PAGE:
Over time, I began a yoga practice at a local studio and connected with an old friend who is a bike rider for regular rides. I spent time with my wonderful new in-laws and joined a Meet-Up group of ladies who met for coffee or lunch on an irregular basis. In no time, my life was full, but still lacked purpose, which tried my patience. But this also meant I was there as my in-laws’ health declined, to spend time with them. My mother-in-law passed away in December of 2016 and my father-in-law had to be moved into assisted living immediately, as he had dementia. I visited him daily and also took on the task of clearing the possessions in the house they had lived in for nearly 50 years. Since my husband had a fair amount of financial responsibility for his parents, he retired a few months after my father-in-law passed away.

    My husband and I, who both love to travel, came up with a plan to spend a year travelling the world. We sold everything except a handful of items that fit into a 10×10 storage unit. At around that time, my running partner of 15 years from my days working in Atlanta, offered me an opportunity. He is the lead immigration partner in a big law firm and they were looking for contractors to prepare letters for candidates for work visas sponsored by their employers to come to the U.S. Bingo! This turned out to be my dream job. My husband and I left the country on April 2, 2019 and spent six months in Europe, three months in SE Asia, nine weeks in Australia and New Zealand, and two weeks in Hawaii before getting back home on March 11, just in time for Covid. I did my contract writing job for the entire year we were away, roughly ten hours per week, and I do it still.

    I’ve picked back up with bike rides with friends here, but have not gone back to the yoga studio – instead, I work out in our condo with a few kettlebells and hand weights.

    This was never part of a grand plan, but my patience paid off and I feel that I am in the right place for the moment, looking forward to travelling in the U.S. and Canada when we all get vaccinated! My year of travels is chronicled in my blog,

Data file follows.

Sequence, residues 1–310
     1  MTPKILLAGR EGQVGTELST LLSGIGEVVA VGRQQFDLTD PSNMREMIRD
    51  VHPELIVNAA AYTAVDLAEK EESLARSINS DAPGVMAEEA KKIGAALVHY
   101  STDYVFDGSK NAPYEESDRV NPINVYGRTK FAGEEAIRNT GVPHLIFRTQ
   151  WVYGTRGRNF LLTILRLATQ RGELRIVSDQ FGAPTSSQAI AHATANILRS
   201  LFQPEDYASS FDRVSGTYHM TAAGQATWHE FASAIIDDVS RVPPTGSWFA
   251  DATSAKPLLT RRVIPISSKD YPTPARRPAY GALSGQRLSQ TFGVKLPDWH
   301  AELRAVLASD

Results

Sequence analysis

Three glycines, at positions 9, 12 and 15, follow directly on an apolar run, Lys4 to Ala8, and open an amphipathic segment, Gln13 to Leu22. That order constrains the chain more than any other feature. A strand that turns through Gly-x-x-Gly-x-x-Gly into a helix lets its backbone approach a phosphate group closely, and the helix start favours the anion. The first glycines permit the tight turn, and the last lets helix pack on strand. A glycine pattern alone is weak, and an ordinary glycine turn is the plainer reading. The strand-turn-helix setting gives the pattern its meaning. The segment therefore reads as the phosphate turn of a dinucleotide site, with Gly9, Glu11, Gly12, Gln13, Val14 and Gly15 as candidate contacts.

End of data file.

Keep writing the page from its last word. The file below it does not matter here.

5. Fritz, Thanks for sharing Michael’s story. I wish more people were as proactive as him in planning and preparing for retirement “life”. I’ll just comment on the fitness part. Being fit has so many benefits and isn’t hard if you make it a habit. I was returning from a hike the other day and ran into my overweight, smoking neighbor. He joked “there you go again. I couldn’t make it as far as the main road”. And he’ll probably not make too far living either. Sad to see.
    BTW: It’s 9:05 am and I’ve got 3.8 miles and 7500 steps under my belt. Back out at noon with my grandson for a another 3 mile walk on our slushy roads.

  6. Michael, thanks for sharing. I am also 58, my wife 54 and I am on a 3 year countdown. I have always saved 30+% of my/our income and invested. I lost my shirt on a rollover in the bust, but learned from it and have never trusted anyone else with our investments. I read and have followed the “Random Walking Guide to Investing”, read Kiplinger and the Kiplinger Letter and find that adjusting my portfolio annually to their guidance serves us well. That said, we still are not to our minimum amount to retire. It’s amazing how much it will cost us in the years before Medicare!
    We are starting to think and talk a bit more about retirement as we watch out principle grow, and know we will want to move (NY is expensive) With our Son in college, we were beginning to do more together and are focussing on health, diet, etc. same issue with health club, but not as diligent as you. Once things return to normal and our Son goes back to live at college, we will again explore our interests, hiking, downhill skiing, yoga and hopefully some travel to visit some areas we may want to eventually live.